Like many of Salinger's works, "Teddy" glorifies a young child as pure and beautiful at the expense of seemingly crass, jaded, and materialistic adults. The author grants this particular child, Teddy McArdle, with the spiritual wisdom of many lifetimes (Teddy believes in reincarnation) and intelligence far beyond his years. Because Teddy is a child, many of the adults around him miss the value of his insights.
Questions About Youth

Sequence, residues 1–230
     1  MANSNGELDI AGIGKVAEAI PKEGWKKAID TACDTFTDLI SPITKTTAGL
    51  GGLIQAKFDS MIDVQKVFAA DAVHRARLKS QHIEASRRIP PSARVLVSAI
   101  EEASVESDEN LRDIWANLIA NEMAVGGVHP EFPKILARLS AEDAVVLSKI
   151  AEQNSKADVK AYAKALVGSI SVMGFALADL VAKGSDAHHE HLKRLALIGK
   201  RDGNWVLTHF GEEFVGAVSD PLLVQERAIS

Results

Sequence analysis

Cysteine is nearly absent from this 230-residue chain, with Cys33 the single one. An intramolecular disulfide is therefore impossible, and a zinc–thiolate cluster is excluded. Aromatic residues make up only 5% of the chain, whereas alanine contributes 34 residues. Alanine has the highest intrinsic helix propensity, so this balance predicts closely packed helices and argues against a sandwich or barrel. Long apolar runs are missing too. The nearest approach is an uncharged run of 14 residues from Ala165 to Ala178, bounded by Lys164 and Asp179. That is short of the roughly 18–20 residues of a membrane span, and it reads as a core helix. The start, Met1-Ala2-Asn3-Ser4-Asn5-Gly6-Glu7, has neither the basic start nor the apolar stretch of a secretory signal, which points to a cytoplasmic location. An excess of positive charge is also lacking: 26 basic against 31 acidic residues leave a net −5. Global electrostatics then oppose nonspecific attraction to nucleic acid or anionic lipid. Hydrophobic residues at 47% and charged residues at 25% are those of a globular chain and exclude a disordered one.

- What is the significance of Salinger's protagonist being a small child instead of an adult?
- Do the adults in the story take Teddy seriously?
- Who controls the conversation that takes up the latter half of the story – Nicholson, or Teddy?
- How does Nicholson see Teddy? Does he talk down to him, or look up to him? Does the answer to this question change over the course of their conversation, and if so, what causes this shift?
Chew on This
"Teddy" employs the typical Salinger dichotomy between ignorant adults and wise children.
Nicholson is unable to learn from Teddy because he can't get past Teddy's age.